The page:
Gerald R. McDermott is a prolific writer and Anglican priest. He has earned several secondary degrees, one of which is from a Baptist seminary, despite his Anglican position. He currently holds the Anglican Chair of Divinity of History and Doctrine at Beeson Divinity School. Prior to this office he was the Professor of Religion at Roanoke college. His extensive writing includes theology, history, and religion. This particular book is small in size and titled “pocket guide,” which makes it convenient for quick use and research.
The introduction to the book has been well written and begins with a time line identifying the beginning of each religion. The introduction is quite impressive, not only does he outline the book, but he also answers the very important question, “why study religion?” (9) Included in the introduction is a demographic of the world religions. McDermott explains the importance of learning other religions, and in a systematic way. The values of learning other religions are listed as follows, “learn about your world, effective witness, understanding your own faith, be a better disciple, and working with others.” (12-15) He concludes with an overview explaining that the book will be succinct in nature and explains the exact same questions that will be asked in each chapter. The questions are, “what is the ultimate concern? (This means the final goal adherents are seeking.), What is this religions view of reality? (God or the gods, are they real? What are they like? Can they help us? The human self, what is the human nature? For example, is it bad, created, divine? The physical world, is it real, eternal or created, bad or good?) What is the basic human problem? How is the basic human problem resolved?” (16) These charts are helpful for a succinct explanation of the basic foundation of each religion.
The religions discussed within the book are Hinduism, Judaism, Buddhism, Confucianism and Daoism, Christianity, Shinto, and Islam. In addition to the previous mentioned chart are additional charts that specify god’s, leaders, and rituals of each religion. Each chart is useful in a better understanding. One more chart includes a testimony of a follower within each religion. This is interesting as each individual comments on their own personal experience. However, where there is one testimony it lacks the diversity of each denomination within the religion. Since the book was intended to be concise it is clear that there was no room for more than one testimony. Perhaps an appendix would be more suitable to appropriate such an addition.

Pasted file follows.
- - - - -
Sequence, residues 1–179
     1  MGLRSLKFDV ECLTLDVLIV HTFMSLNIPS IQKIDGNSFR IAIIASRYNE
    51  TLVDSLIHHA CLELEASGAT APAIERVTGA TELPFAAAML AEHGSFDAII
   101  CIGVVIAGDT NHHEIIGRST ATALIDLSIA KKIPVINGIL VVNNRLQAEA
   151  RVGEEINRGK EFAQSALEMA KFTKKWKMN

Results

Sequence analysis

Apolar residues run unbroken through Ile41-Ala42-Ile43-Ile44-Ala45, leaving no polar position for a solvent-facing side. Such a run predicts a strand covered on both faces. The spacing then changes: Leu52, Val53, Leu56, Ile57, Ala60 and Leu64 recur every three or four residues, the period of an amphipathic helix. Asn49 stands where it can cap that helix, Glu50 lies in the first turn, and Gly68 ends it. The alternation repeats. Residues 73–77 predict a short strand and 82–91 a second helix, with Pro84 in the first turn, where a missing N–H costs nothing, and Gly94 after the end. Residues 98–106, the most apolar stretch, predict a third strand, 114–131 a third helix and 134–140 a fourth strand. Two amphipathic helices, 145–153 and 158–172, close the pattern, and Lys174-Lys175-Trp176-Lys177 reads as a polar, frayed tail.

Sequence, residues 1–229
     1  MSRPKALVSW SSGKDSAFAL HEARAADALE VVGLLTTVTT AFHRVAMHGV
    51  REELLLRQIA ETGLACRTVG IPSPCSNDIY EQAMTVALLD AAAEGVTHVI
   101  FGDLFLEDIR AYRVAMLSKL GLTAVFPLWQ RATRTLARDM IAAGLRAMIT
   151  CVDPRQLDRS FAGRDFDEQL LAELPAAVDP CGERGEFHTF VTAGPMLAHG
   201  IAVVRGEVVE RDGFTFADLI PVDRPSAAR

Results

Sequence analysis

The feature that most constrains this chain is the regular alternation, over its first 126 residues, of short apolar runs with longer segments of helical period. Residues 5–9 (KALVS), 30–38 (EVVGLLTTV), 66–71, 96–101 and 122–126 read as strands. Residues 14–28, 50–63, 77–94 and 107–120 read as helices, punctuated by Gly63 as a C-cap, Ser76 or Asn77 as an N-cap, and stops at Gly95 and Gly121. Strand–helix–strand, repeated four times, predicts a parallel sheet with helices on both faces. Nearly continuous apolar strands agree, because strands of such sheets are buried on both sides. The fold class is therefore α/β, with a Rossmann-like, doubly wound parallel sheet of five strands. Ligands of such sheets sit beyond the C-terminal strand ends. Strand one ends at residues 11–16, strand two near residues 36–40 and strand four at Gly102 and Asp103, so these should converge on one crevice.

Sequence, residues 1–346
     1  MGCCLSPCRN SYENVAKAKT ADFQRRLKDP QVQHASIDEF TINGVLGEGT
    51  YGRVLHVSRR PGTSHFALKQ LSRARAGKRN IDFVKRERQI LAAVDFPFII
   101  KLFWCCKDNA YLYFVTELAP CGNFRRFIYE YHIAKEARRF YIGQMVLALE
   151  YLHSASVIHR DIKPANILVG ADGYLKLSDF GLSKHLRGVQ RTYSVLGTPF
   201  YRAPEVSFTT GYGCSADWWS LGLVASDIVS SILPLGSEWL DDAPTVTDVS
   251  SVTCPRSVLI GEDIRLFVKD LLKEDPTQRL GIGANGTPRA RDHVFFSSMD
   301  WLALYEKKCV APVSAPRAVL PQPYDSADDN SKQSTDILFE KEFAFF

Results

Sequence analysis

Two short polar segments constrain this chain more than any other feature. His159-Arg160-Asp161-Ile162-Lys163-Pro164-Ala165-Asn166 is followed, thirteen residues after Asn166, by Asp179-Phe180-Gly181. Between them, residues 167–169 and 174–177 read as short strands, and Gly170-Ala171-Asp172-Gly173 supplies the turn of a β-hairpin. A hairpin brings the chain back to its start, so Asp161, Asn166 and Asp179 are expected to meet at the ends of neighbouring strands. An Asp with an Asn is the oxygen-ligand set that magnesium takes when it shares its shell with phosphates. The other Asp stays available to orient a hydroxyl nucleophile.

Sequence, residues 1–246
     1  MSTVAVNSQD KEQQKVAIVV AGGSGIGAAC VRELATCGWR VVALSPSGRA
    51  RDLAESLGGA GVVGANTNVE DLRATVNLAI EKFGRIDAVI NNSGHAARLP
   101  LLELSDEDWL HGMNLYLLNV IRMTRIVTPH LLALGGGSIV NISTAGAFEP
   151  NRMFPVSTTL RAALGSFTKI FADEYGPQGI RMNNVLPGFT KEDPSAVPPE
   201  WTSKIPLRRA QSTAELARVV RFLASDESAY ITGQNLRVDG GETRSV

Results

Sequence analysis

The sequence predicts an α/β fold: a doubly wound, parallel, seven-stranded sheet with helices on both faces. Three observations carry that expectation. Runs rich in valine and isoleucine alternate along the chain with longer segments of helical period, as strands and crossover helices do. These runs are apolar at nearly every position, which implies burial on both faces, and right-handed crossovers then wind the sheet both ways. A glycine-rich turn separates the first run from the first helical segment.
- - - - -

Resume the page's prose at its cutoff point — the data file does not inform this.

The book is informative and McDermott shares enough information for the reader to understand the basics. If more is necessary for the reader McDermott does include titles for further reading. It is unclear why McDermott used the testimony of Catholics in the Christianity section, a bit of disappointment. An example of the above mentioned discrepancy of using only one person as a representative of each religion. But, he does provide a narrow view of the differences between Catholicism and Protestantism. Within the conclusion of the book he contrasts the liberal and conservative Christian, an unexpected explanation.
In the last chapter, titled “Two Common Questions,” he provides answers. The questions, “should we evangelize people in other religions? And, can we learn from other religions?(133-135) He believes so, and writes concerning the first question, “now by evangelism I don’t mean proselytizing, which is often coercive, rude and insensitive. No, true evangelism is when we take the time to make a lasting friendship, listen to our friend’s perspective, offer loving help where it is needed, and humbly and respectfully share the gospel when the Spirit opens the door-not before.” (134) In response to the second question he shared the testimony of a young Muslim man who demonstrated bravery despite probable critics. This young man inspired McDermott. (137)
In the absolute conclusion of the book McDermott reminds readers that the enemy is not other people, but “sin, the flesh, and the devil… principalities and powers.” (138) He writes, “this means our witness as Christians to members of other religions should involve patient conversation not hostile argument, plenty of listening and befriending before any attempt to persuade.” (138) Due to the size of the book McDermott has only a listed a small bibliography. But he does include a glossary (which is helpful) and some recommended books for each religion.
McDermott, Gerald R. The Baker Pocket Guide to World Religions: What Every Christian Needs To Know. Grand Rapids: Baker Books, 2008.
Samford University. Beeson Divinity School.